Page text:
District judge Donald Wilkerson ordered a big-brand retailer to come up with discovery documents sooner than later in a proposed class action alleging pregnancy discrimination against employees.
In a March 21 order, Wilkerson ordered defendant Wal-Mart Stores Inc. to continue providing discovery documents in the pregnant employment discrimination case brought against them by pioneer plaintiff Tonya Borders.
The 2017 complaint arises out of Wal-Mart’s alleged discriminatory policies for pregnant employees Borders and Otisha Woolbright, who both allege Wal-Mart violated Civil Rights Act of 1964 Title VII as amended by the Pregnancy Discrimination Act (PDA) during their employment between March 2013 and March 2014.
Borders, an Illinois resident, and Woolbright, a Florida resident, were both pregnant and employed with Wal-Mart. Both employee’s allege Wal-Mart provided “more favorable accommodations to non-pregnant employees than to pregnant employees similar in ability or inability to work, in violation of Title VII as amended by the PDA,” according to the complaint.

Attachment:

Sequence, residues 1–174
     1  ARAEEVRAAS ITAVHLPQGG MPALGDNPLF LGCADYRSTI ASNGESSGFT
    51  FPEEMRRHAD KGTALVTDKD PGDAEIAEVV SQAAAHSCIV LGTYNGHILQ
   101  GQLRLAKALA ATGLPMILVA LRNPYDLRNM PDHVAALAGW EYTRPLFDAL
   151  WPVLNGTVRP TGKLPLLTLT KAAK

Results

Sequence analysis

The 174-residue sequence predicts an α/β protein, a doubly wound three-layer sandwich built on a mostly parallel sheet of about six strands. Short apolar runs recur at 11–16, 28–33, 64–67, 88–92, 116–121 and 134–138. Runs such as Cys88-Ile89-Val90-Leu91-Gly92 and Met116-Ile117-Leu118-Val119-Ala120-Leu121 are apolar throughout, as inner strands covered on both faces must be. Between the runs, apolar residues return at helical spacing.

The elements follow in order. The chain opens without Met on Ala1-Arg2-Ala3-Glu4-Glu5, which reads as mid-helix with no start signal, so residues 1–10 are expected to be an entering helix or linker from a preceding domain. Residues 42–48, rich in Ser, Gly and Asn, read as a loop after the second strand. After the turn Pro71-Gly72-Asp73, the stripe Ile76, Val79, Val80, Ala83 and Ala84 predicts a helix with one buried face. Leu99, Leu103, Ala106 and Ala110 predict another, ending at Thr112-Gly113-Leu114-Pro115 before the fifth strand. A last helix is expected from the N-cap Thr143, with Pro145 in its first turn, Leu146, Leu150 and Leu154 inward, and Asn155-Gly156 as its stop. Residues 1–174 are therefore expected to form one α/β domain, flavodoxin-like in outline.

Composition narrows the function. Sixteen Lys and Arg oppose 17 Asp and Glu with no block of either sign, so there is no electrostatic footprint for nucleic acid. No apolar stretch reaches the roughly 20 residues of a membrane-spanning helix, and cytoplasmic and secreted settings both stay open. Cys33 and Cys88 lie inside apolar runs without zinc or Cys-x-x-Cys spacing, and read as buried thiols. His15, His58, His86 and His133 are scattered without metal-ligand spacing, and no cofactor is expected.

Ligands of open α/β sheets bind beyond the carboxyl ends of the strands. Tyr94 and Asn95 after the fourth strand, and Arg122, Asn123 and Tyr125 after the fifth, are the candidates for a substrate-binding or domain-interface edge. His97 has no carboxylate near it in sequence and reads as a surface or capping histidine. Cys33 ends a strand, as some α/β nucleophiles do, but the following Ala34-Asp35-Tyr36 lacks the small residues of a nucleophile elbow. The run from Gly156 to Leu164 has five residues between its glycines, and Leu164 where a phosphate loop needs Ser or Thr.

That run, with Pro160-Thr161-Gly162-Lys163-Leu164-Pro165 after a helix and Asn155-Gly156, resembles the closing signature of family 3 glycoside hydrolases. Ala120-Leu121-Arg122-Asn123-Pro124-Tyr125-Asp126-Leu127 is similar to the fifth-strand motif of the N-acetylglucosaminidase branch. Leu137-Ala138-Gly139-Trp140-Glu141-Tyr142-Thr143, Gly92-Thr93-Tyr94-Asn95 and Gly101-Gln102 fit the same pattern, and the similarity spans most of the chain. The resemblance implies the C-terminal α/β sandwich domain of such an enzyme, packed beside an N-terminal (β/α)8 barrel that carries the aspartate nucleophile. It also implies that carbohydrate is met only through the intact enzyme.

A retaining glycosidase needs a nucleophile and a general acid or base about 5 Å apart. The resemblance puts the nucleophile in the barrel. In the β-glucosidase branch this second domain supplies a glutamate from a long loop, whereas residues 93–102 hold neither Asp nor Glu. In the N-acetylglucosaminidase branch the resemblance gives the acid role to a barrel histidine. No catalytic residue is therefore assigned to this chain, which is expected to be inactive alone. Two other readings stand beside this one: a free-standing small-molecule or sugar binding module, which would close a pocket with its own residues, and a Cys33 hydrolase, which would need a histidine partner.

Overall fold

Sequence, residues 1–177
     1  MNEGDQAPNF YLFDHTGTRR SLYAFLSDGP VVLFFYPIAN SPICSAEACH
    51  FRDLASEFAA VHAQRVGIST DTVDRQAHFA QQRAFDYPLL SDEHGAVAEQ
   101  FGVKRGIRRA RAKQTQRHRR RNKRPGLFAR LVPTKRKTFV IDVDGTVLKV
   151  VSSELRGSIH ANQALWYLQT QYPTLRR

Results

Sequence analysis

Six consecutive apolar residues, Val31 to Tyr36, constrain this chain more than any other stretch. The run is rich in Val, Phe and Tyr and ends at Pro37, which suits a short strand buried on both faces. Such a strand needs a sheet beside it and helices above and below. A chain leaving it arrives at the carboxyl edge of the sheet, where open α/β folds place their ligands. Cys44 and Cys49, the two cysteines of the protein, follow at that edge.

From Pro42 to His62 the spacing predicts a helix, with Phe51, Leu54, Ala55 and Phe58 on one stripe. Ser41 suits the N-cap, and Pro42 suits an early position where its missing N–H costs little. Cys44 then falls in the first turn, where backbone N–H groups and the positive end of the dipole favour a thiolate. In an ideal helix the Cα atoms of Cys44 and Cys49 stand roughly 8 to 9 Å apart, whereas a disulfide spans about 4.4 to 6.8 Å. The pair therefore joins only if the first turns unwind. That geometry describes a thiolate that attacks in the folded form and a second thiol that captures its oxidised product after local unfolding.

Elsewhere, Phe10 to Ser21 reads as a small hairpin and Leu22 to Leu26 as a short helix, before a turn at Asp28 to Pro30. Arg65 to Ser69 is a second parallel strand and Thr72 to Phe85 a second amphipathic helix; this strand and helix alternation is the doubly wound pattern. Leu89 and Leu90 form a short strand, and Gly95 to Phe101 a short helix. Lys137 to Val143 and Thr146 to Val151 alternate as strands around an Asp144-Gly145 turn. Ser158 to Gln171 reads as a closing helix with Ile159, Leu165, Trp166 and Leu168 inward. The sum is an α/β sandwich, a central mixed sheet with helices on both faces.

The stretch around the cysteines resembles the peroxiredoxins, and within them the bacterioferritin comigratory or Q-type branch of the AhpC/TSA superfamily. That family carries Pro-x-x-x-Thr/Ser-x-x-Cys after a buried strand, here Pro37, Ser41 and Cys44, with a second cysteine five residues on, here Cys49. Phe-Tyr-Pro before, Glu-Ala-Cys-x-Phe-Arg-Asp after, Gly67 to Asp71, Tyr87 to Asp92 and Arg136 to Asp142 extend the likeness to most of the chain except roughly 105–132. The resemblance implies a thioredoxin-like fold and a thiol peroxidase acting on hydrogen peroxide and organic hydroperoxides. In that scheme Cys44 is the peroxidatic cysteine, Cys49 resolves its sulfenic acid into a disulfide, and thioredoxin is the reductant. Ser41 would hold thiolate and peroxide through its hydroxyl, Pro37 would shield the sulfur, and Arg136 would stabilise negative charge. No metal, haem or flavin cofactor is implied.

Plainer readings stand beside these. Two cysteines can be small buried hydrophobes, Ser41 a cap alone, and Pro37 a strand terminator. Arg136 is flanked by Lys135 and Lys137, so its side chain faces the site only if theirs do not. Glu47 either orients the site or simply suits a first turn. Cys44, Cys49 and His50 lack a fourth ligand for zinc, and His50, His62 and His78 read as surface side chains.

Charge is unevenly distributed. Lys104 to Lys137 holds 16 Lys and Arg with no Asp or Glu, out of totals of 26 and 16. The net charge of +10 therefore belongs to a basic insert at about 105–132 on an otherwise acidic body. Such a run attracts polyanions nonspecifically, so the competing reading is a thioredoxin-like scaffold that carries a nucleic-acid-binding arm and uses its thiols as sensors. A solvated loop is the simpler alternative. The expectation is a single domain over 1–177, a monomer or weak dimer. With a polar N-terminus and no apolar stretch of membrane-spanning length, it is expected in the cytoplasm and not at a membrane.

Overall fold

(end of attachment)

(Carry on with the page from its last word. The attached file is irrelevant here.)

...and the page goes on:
The complaint states that “many pregnant women experience physical limitations at some point during their pregnancies that impact their ability to complete job tasks associated with some positions at Wal-Mart, including but not limited to lifting heavy objects, standing for long periods of time, squatting or stooping, and climbing ladders.”
The complaint is heavily based on Wal-Mart’s Prior Accommodation Policy and Pregnancy Exclusion environmental workplace adjustments.
Seeking class action certification on behalf of Borders, Woolbright and the prior policy class, the three count complaint includes allegations of intentional discrimination on the basis of sex, disparate discrimination on the basis of sex and disparate impact discrimination retaliation.
The plaintiffs seek compensation for physical and mental injuries sustained as a result of Wal-Mart's alleged conduct, compensation for loss of income and benefits, mental anguish, emotional distress and humiliation.
Wilkerson’s order addresses the March 16 discovery dispute conference in which Wal-Mart requested 30 days to review up to 160,000 documents for relevancy and ordered they provide the documents on a weekly basis before April 13.
“The court does not expect defendant to 'dump' a majority of the documents on the final day of production,” Wilkerson wrote.
He also set a November deadline for the plaintiffs' to file a memorandum of support for class certification. Wal-Mart must file its opposition by December.
“If the parties believe that a sooner or later settlement conference date would be beneficial, they may contact chambers," Wilkerson wrote.